MATH 5040/6810 (Fall '23)
Time & Place:
MWF 11:50AM - 12:40PM,
Mondays 1-2 PM or by appointment, at
We will be using Piazza
for class discussion and answering questions. The system is highly catered to getting you help fast and efficiently from classmates and myself.
Rather than emailing questions,
I highly encourage you to post your questions on Piazza
. I also highly encourage you to answer your classmate's questions, if you think you know the answer.
One advantage over CANVAS Discussion Board is that you can post anonymously, if you prefer.
You can sign up here
but you will need an access code that you can find in the version of the syllabus on
C or better in MATH 5010. Fulfills Quant Reason (Math & Stat/Log) & Quant Intensive BS. Meets with MATH 6810
We will follow Introduction to Stochastic Processes
by Gregory F. Lawler
Supplementary lecture notes
will be posted as we go (see below). These have been written up by a former instructor of the course and do not necessarily cover
everything I cover in class. They also are not typo-free
Further supplemental material:
Chapter 4 in Introduction to Probability Models
by Sheldon M. Ross, Chapter 1 in Essentials of Stochastic Processes
by Rick Durrett, and these lecture notes
Homework counts 25%
and is assigned every other week. It will be posted at the bottom of this page
Three midterms count 25% each
and are on October 6, November 6, and December 6.
Same time and place as lecture
No final exam
NO make-up tests or homework
The BEST way to keep up with the pace
of this course
and to prepare for exams is to solve, at the very least,
homework problems in a timely fashion.
the subject well you really need to solve as many
problems as you can
Doing the math is the ONLY way to learn math
The student's solutions that come with the textbook have the correct ideas but may have algebra errors. Points WILL be taken off for such errors when the homework is graded.
In any case, I recommend you use the solutions as a LAST resort.
Only after you have tried everything else and "suffered"
Do NOT consider that you overcame a particular weakness if you looked
solution first! You will need to do other similar problems in this case
Lectures 1-14 (finite state space Markov chains)
Lectures 15-25 (countable state space Markov chains)
Lectures 16-33 (continuous-time countable-space Markov processes)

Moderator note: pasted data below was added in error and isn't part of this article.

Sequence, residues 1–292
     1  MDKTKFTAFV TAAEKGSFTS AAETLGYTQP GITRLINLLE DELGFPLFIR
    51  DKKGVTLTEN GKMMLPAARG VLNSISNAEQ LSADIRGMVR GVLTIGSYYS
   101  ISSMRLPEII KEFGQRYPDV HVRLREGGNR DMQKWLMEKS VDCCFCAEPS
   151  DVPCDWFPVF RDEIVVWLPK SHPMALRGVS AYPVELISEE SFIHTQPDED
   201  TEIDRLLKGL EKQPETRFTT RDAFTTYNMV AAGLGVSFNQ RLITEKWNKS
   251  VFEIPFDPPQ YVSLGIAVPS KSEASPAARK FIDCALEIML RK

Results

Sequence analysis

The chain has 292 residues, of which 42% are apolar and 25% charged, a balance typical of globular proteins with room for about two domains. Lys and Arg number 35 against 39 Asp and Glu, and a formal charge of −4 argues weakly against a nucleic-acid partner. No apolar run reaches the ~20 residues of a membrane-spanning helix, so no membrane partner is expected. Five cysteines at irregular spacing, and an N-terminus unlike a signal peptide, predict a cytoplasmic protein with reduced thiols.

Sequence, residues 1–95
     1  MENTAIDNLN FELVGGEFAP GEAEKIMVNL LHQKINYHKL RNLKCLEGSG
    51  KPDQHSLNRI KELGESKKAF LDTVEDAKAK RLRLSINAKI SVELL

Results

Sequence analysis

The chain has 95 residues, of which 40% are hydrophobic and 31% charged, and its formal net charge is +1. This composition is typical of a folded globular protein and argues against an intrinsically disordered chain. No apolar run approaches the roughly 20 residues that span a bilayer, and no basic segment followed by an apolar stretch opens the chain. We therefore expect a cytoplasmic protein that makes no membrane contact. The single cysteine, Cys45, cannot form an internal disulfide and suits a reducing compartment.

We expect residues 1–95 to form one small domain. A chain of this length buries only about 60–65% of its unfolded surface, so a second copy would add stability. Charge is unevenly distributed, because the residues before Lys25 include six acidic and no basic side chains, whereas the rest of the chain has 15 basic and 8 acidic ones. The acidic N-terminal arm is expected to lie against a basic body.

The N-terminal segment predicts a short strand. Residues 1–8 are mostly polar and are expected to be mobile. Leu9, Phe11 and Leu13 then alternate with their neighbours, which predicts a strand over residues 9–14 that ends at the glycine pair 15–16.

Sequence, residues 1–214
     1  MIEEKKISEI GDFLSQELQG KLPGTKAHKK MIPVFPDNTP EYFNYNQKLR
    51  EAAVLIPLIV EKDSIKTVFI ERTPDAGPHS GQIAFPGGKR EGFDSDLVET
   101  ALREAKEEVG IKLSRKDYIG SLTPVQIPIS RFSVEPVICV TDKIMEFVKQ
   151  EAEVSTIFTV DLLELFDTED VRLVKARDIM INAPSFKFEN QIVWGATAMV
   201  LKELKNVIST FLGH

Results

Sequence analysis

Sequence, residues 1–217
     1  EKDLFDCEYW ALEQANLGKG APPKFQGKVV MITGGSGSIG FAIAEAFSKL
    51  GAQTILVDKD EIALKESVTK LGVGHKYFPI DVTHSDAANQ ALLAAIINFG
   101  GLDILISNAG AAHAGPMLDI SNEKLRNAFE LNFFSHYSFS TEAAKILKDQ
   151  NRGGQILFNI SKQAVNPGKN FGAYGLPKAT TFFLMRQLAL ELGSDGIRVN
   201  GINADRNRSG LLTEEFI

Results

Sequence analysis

, due Monday, September 11;
, due Monday, September 25;
, due Monday, October 30;
More exercises for practice
Solution of the extra exercises
, due Wednesday, November 22;
, due Monday, December 4;
To practice for Exam 1, solve as many exercises from the textbook's Chapter 1 as you can. You can ignore 1.7, 1.12, 1.15, 1.18, 1.20, and 1.21;
Exam 1 solution
To practice for Exam 2, solve as many exercises from the textbook's Chapter 2 as you can. You can ignore 2.14 (although it is quite interesting),
2.15, 2.16, 2.17 (although that is where the connection between transience and the alpha function is proved), and 2.18 (although this is where Stirling's formula is proved);
Exam 2 solution
To practice for Exam 3, solve as many exercises from the textbook's Chapters 3 and 6 as you can. You can ignore 3.4, 3.7, and 3.16. Solve also exercises 6.1, 6.2, 6.3 and 6.9.
Further important information:
It is the student's responsibility to regularly check their Umail or have it forwarded to an address they check regularly. The Umail is the only way for me to communicate privately with the student. There will be occasions during the semester that we may need to reach out to individual students (e.g. regarding a grade or assignment) and it is in their best interest to respond promptly.
I would like to encourage the students to email me only if it is something personal that requires individual attention. For questions about logistics of the class, course material and assignments, and anything else the classmates may wonder about as well, please post a question on the Discussions Board in CANVAS or on Piazza. This way the information is shared quickly to the entire class, and everyone can benefit from seeing other classmates’ questions.
Please stay updated by regularly checking: the announcements on Canvas, your Umail, the posts on the Discussions Board, the posts on Piazza, and pay attention to the announcements given in class.
Students are expected to log in and check canvas regularly for posted announcements and assignments. Students are also strongly advised to set up notifications for canvas so they do not miss any important notifications.